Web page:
If you’re interested in any of the issues that pop up in our NUWT archive or this blog, you’ll probably also be keen to see the new film, currently titled ‘Suffragette’, currently shooting in London.  While filming has primarily been taking place in East London, the film is also set to shoot in the Houses of Parliament at Westminster.  The fact that this is the first commercial film to be given filming prvileges in Parliament says a great deal about the value of sharing this very significant period in history (I cannot even imagine the bad press for Westminster if they had said no to filming scenes for ‘Suffragette’).  The film stars Carey Mulligan, Helena Bonham Carter and Meryl Streep as suffragette leader, Emmeline Pankhurst (see photos of Streep in costume as Pankhurst here).


NUWT members laying a wreath at the statue of Emmeline Pankhurst outside the Houses of Parliament c1932.  Doc Ref: UWT/G/2/39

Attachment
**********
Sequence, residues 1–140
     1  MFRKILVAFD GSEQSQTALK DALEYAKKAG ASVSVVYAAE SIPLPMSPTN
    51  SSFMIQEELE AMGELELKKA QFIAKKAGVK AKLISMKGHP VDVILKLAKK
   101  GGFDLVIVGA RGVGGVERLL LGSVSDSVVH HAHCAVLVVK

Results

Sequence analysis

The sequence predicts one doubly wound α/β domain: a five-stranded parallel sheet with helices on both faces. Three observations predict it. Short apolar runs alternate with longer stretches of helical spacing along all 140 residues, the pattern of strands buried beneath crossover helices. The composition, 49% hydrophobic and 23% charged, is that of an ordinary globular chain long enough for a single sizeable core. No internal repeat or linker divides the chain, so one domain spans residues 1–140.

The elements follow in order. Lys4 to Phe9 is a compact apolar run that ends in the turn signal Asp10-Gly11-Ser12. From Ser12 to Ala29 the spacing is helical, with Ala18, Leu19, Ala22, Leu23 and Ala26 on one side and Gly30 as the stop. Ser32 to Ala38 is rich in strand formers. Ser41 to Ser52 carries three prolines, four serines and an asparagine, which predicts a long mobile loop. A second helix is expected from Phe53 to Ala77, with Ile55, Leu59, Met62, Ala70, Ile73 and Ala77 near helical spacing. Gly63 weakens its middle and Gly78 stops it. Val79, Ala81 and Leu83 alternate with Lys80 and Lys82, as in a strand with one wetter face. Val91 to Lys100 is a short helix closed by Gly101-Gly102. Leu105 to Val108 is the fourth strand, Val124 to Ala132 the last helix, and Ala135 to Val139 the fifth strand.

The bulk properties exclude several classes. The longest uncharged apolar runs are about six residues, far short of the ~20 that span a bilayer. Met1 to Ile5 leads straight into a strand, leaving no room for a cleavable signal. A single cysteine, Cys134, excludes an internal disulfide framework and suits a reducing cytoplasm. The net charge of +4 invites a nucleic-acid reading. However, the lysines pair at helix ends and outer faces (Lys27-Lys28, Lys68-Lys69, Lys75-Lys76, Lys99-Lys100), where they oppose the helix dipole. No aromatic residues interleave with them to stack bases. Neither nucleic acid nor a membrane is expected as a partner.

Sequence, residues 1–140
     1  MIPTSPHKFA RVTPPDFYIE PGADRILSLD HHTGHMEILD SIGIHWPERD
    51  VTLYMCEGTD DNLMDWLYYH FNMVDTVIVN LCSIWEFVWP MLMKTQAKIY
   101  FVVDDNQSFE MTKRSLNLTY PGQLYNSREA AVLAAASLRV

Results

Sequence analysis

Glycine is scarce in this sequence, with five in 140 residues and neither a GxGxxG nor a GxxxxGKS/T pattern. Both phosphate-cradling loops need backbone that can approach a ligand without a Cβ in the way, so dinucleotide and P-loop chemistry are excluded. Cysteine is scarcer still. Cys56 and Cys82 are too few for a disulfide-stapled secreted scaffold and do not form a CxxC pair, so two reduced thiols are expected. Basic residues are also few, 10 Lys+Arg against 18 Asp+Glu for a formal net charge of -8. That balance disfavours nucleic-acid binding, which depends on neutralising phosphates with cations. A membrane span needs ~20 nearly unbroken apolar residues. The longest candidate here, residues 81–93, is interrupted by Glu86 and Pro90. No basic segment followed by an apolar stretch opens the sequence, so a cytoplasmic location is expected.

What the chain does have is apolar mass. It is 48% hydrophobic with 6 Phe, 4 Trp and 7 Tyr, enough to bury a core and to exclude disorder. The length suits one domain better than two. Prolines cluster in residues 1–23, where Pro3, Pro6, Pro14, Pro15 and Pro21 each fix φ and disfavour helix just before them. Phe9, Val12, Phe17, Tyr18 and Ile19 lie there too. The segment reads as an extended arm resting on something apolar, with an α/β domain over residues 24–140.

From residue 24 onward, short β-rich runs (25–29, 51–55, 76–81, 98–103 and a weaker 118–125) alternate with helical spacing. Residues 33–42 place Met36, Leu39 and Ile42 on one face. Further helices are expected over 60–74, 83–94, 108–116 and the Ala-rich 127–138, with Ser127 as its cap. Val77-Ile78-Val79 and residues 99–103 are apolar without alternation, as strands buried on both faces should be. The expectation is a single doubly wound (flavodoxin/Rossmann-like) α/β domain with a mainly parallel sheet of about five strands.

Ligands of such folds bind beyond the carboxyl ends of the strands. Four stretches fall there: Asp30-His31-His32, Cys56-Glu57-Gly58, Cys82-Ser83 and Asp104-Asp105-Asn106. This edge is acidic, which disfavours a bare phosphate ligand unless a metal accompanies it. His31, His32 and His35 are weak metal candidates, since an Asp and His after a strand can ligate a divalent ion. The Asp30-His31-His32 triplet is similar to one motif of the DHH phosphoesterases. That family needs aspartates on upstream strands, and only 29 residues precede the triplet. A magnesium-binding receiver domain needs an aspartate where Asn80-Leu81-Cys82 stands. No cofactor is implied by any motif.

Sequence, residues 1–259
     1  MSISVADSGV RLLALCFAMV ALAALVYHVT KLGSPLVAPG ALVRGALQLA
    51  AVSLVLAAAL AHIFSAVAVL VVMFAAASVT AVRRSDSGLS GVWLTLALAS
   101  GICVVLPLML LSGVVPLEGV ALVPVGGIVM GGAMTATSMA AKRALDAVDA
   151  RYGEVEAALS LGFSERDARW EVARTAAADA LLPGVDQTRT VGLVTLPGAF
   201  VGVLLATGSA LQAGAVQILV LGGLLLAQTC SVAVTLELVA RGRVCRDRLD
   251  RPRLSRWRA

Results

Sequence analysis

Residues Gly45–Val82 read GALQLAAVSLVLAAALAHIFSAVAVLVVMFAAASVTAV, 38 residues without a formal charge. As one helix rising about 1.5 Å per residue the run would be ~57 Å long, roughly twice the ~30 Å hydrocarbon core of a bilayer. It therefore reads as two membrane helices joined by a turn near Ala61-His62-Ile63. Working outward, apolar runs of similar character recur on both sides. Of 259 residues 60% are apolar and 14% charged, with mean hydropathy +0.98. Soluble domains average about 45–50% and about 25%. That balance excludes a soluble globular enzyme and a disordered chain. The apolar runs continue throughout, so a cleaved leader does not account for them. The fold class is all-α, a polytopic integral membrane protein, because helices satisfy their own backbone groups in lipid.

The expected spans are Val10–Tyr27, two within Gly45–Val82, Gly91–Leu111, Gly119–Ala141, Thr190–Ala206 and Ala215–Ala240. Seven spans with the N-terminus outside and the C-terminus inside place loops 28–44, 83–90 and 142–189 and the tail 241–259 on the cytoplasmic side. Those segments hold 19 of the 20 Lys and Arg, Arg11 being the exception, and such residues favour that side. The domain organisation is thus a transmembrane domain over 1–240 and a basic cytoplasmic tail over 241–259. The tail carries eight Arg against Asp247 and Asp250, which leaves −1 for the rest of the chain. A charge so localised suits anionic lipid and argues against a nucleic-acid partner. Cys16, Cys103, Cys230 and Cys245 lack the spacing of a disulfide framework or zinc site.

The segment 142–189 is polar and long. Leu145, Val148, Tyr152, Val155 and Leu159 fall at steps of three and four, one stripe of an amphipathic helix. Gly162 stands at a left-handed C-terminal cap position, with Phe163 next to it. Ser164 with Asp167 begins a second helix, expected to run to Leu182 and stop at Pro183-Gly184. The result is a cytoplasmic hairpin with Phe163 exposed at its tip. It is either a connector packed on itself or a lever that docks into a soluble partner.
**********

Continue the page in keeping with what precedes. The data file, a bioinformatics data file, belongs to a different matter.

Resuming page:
While we don’t necessarily need a star studded film to appreciate the women’s suffrage movement, it is nice to see it being recognised. Also, in the often male dominated film industry, it is pretty great to see such a talented female cast under the direction of Sarah Gavron.

*Also, a huge thanks to our volunteer, Jeremy, for making documents – like the photograph seen above – more accessible.  As part of our HLF project, Jeremy, who has been with us since January, spends Monday afternoons on an NUWT digitisation project.  He scans and organises the NUWT archive collection’s photographs (such as the one above) so that they are preserved and accessible for archive readers, regardless of geographical proximity to the IOE.  Thanks again, Jeremy!*